Purveyor of Bollocks to the Crowned Heads of Europe
Monday, 28 May 2012
Tea in the park
The classic, Victorian Sunday - tea and sandwiches in the park, then attracted by the sound of a lascivious slide trombone, we ventured further in to find the bandstand full of men and women belting out Frank Sinatra numbers like 'Fly Me To The Moon'.
I once wrote to the Nino Rota orchestra in Italy, to see if they could sell me some Rota scores which I could hand on to a band like this, just so we could sit around and imagine ourselves in a Fellini film, but they never replied. I might have another go soon, as it is fairly high on my list of musical 'to-dos', along with punching a play-card for 'Happy Talking' for a fairground steam-organ. Both very well worth pursuing, but hard work for someone who is entirely unconnected to the world of music.
If you enlarge the above picture, you will see the Mayor of Bath (dressed in white and wearing a large, gold necklace) and his good lady wife sitting in the front row, enthusiastically clapping along when asked to do so by the band leader. The Mayor is patron of the band, and I don't know whether or not that comes with the job, or if he has taken it on voluntarily whilst wearing his other hat as a keen Country and Western singer and guitarist. His other hat is a Stetson. He drives a Trabant. Enough said.
As a side-note, the pair of large, marble urns with snake-handles either side of the bandstand were given to Josephine by Napoleon Bonaparte, so what they are doing sitting around in the Royal Victoria Park is anyone's guess.
I have a strong feeling that I will be a little tired of the colours red, white and blue before the year is out.
We wandered up to the Royal Crescent (I am officially allowed to park my old Volvo right in front of it, day and night if I so wish), and then on to a little bar in a side-street where we sat down for more refreshments - beer in my case.
The shop, 'UBER' in the picture is a strange sort of fashion outlet, selling casual clothes sourced in Austria. A few doors away, there used to be another shop run by the same Austrians, which specialised in selling cuckoo-clocks and lederhosen - I am not joking. For some inexplicable reason, this other shop went out of business. I miss the sound of Oompah-bands wafting out of it's doors on a warm summer's evening.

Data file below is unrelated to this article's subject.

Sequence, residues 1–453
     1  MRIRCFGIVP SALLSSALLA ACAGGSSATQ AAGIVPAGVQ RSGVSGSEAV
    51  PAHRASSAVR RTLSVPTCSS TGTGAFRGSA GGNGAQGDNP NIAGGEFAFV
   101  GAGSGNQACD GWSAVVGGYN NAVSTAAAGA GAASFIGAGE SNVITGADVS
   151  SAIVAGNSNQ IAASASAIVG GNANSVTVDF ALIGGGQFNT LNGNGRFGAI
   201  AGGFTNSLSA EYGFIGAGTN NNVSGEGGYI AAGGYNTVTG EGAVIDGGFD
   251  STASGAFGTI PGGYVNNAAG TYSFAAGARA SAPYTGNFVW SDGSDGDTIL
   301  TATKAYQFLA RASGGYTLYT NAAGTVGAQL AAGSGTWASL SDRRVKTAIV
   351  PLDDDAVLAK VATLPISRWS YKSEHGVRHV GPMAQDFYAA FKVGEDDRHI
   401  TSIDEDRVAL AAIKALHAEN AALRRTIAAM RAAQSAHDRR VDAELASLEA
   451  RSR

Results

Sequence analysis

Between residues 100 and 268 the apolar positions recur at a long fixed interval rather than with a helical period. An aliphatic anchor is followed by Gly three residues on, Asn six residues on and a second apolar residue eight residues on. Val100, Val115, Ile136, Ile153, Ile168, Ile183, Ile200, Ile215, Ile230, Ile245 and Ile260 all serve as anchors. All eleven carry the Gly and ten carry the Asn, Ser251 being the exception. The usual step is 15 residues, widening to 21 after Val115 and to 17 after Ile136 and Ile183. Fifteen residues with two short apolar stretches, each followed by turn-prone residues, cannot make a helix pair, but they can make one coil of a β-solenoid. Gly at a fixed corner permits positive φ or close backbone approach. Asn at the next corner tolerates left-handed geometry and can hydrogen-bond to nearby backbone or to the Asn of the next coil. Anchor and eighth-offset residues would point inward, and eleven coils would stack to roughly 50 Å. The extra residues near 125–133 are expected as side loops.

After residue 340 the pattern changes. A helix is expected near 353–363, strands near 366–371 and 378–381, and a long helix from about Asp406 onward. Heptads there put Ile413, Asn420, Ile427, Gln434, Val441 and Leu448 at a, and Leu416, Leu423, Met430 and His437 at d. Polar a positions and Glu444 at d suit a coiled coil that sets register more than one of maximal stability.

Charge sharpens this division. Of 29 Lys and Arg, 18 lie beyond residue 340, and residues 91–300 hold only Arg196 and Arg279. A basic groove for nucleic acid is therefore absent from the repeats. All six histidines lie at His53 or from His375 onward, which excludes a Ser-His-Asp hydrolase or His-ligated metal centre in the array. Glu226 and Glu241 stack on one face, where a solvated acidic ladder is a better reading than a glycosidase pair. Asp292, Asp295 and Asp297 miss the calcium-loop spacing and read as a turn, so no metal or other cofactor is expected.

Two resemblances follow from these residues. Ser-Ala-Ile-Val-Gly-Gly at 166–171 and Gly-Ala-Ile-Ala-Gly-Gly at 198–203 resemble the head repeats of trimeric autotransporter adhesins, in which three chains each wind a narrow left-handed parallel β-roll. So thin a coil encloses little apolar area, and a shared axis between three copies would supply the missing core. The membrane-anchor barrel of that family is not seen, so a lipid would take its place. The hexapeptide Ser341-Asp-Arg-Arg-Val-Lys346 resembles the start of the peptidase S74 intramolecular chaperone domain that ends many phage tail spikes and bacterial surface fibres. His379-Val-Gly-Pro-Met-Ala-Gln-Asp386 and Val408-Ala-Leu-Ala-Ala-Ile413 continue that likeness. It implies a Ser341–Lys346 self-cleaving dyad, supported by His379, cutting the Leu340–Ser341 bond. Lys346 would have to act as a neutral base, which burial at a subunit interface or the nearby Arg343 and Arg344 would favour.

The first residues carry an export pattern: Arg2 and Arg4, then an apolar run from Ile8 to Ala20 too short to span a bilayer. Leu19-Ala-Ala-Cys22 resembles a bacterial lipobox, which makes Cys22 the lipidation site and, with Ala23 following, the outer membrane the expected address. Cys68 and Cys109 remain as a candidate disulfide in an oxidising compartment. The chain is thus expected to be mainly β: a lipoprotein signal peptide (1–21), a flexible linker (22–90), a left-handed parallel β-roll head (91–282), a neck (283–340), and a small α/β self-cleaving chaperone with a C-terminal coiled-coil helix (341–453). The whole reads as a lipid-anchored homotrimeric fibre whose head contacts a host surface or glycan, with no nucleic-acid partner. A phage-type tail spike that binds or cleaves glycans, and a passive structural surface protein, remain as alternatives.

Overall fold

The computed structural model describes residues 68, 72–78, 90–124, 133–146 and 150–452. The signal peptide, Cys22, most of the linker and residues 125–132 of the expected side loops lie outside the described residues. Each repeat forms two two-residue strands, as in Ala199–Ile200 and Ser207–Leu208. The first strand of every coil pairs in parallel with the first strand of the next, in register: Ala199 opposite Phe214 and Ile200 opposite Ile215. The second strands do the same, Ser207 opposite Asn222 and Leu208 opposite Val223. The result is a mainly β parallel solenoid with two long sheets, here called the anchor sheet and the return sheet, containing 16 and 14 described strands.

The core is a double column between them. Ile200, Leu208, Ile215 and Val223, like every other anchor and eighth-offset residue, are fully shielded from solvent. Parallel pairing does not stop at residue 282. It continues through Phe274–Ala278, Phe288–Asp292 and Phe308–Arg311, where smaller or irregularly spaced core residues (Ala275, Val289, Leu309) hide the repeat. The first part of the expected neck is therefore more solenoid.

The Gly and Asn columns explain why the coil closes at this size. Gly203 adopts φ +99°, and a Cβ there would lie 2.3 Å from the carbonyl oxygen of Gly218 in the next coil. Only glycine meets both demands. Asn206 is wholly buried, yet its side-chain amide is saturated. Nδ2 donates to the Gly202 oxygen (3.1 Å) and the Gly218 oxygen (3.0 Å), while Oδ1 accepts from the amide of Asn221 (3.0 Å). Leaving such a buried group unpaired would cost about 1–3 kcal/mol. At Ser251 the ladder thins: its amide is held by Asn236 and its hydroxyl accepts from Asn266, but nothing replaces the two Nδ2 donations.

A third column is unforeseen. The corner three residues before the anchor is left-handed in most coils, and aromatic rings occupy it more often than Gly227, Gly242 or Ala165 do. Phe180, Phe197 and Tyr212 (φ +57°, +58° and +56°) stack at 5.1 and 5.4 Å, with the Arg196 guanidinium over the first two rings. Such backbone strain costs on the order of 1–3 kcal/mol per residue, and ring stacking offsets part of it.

As another side-note, take a look at the zig-zag join in the stonework which runs up the face of the buildings like a cubist bolt of lightening. There are a couple of interesting stories attached to it.
One night in 1943, a few German bombers flew over Bath and dropped a stick of high explosives which ran in a line from the river, through The Circus (a round, 18th century building), along Brock street and narrowly avoiding the Royal Crescent, but destroying the largest church in Bath, just behind it. Some good came out of it then, as the building was a monstrosity.
One of the bombs fell on the buildings to the right of UBER, and when they rebuilt them, they built the walls perfectly 'plumb' or vertical. The original Georgian ones were built leaning slightly backwards, as you can see in the discrepancy of the blockwork.
The timber floor-joists of Georgian buildings were always running from front to back, and the builders used them as supports for the facade by deliberately leaning the great walls against them as they built up - a practice which would not be allowed today!
I am - as I write - waiting for an engineer to check our phone line to see if there is a fault which disconnects us from the internet every few minutes. Obviously, at the moment I am having no such problems - I wonder if it will go wrong when the man from India gets round to calling back....